I really liked the Yuri/Wataru scene! The rest of the episode was weirdly only adequate!

I'm going to have a tough time explaining why the rest of the episode wasn't anything too exciting for me. I mean, it's full of big things: Bishop tells Taiga that he was the one who killed Mio. Bishop decides to overthrow Taiga, because systems can't tolerate what they can't control. King vows to kill Taiga if Maya stays with Otoya. Otoya becomes Dark Kiva twice, and probably dies from the attempt. Wataru gets punched in the gut by his dad. It's a big episode!

It's also a somber episode, and a ton of it feels... preordained? Inevitable? There's a fatalism to it, exemplified by Otoya's insistence on killing himself for Maya/Taiga/himself. (The previous episode, where Wataru was trying to negate his own existence, managed to be a fun lark by comparison.) Otoya's always been devoted to his own whims, to the exclusion of common sense or basic decorum, but here it comes off as frustratingly obstinate. Otoya is going to become Dark Kiva to save Taiga, even though a) it'll kill him, b) it won't even defeat King, c) Wataru is more than willing to pitch in to defeat King and keep Otoya alive. It's a suicidal plan that won't even succeed, but the show treats it as laudably heroic, a testament to Otoya's belief in self-determination.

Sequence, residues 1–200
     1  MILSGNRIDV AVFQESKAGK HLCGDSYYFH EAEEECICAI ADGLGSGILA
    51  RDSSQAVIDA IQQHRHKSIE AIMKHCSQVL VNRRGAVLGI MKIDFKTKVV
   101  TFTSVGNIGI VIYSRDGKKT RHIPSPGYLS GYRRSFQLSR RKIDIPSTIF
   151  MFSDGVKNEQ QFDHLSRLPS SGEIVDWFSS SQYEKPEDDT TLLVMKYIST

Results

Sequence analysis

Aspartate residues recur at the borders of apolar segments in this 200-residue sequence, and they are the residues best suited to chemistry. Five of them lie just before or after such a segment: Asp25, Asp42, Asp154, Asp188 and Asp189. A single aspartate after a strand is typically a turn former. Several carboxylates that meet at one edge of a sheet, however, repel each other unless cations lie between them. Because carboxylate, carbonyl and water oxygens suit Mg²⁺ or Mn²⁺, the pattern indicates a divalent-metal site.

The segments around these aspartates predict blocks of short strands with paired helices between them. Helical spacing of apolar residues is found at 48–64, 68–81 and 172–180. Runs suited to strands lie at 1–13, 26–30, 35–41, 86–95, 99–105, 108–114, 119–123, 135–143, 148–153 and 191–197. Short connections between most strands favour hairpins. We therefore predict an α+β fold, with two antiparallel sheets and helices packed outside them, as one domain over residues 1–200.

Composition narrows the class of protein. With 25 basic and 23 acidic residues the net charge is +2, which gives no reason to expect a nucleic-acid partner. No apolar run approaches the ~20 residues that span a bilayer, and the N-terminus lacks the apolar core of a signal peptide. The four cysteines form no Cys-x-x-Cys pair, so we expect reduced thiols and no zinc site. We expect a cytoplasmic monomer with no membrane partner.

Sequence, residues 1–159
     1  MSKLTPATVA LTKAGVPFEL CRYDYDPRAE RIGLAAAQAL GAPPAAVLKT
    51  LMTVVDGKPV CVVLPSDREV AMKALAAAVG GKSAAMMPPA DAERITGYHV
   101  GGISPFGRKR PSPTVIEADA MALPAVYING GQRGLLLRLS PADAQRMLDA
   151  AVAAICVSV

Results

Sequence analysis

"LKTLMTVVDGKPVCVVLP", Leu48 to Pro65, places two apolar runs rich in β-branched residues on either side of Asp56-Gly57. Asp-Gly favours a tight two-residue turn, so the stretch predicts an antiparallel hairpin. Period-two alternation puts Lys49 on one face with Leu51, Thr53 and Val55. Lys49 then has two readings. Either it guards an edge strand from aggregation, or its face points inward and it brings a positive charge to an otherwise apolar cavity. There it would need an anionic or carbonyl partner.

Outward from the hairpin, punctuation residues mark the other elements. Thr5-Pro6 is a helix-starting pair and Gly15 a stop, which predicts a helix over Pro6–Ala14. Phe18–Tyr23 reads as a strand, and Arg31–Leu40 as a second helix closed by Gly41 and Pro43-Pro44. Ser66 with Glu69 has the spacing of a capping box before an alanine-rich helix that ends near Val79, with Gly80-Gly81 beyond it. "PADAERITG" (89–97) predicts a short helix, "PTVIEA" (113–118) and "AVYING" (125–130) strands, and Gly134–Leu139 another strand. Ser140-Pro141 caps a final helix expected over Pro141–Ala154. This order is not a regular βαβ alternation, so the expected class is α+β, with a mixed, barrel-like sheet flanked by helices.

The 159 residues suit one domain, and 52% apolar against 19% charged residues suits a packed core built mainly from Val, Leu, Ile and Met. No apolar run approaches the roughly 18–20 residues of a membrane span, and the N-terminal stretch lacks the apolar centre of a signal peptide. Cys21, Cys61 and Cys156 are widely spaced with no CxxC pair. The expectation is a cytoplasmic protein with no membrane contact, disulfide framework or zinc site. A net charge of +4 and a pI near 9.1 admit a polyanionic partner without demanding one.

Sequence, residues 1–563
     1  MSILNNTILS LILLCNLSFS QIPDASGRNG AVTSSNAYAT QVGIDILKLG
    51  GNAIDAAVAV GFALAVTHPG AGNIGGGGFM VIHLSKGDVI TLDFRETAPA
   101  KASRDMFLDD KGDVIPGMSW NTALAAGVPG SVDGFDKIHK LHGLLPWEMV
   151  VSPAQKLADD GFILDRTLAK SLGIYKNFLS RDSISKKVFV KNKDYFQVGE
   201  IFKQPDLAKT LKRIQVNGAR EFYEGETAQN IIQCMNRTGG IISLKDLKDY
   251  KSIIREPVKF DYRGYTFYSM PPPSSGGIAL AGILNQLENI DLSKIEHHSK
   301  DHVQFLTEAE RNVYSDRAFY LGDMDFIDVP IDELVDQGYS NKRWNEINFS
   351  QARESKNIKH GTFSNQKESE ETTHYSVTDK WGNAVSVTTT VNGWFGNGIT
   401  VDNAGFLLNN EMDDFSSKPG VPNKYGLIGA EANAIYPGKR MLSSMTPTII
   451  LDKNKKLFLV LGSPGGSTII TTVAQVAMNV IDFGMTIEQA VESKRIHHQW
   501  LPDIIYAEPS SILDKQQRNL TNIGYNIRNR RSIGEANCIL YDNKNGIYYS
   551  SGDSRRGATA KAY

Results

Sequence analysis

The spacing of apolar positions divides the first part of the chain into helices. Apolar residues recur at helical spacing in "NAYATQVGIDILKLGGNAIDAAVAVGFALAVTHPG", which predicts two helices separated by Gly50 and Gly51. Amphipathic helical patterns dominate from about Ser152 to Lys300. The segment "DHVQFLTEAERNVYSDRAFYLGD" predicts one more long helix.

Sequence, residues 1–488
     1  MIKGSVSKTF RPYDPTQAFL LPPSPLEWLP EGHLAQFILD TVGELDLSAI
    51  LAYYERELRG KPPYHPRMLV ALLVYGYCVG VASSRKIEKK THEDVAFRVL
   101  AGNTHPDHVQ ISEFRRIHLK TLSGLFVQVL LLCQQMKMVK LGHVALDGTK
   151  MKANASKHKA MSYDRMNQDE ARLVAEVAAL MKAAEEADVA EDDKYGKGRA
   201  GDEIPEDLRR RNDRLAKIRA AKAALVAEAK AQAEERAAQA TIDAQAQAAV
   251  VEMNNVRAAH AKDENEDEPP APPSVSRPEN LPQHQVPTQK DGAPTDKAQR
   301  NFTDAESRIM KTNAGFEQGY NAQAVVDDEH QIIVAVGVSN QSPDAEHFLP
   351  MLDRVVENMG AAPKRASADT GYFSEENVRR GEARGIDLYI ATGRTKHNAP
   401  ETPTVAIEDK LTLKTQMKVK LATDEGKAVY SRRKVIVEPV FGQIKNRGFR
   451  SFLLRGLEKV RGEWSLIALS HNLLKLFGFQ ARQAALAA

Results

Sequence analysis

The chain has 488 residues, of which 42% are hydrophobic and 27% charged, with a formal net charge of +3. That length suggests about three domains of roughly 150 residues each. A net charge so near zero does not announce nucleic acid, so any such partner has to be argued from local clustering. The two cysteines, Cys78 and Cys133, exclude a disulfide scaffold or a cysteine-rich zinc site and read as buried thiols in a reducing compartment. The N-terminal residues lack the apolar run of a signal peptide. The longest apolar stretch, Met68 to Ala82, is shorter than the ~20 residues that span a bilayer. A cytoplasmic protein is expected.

It tries to make it seem bittersweet, what with the hushed Maya/Otoya scene, where he asks her to be strong enough to let him sacrifice himself. Both actors imbue the scene with so much love and sadness that it's easy to forget, for just that one scene, how unnecessary it all is. But for the rest of the episode, it's just this grim march towards Otoya's fate, and it's maybe a dumber, less-fun version of his own son's rush to destroy himself. It doesn't feel like a hero accepting the cost of his love for people. It feels like an egotist throwing himself headlong into a dangerous situation, when there's a more powerful hero willing to join the fight.

Speaking of that hero, it's a great episode for Wataru. I love the way the show gives the big hero speech in the middle to Yuri, to tie her ability to see the good in a break-up to Mio's desire for Wataru to live. It's a fun way of getting at how we project our guilt onto other people - letting their memories judge us harshly - when it's easy to forget how they might forgive us. Wataru's been too caught up in his own guilt to remember that Mio wouldn't've wanted him to have never existed, wouldn't've wanted to have never been able to meet him. It's the same way Yuri doesn't regret dating Otoya, even though it didn't last. Big-hearted optimism from Yuri (her only scene in this episode!) will always be worth savoring.

The rest of this one, though... hmm. Briskly-told, and with some great action (this was one of the few CG finales I really enjoyed?), but I just wasn't feeling how on-rails the Otoya story came off. It's not out of character, but it either needed another gear to it, or for the rest of the cast to call him out on his weird death wish. As it is, it's an episode where everyone's like I Guess It's Time For Otoya To Die, and that really took the wind out of my sails.

It's like, I will grudgingly allow this episode its plot, but I can't exactly praise it. That Yuri/Wataru scene, though! That part was aces.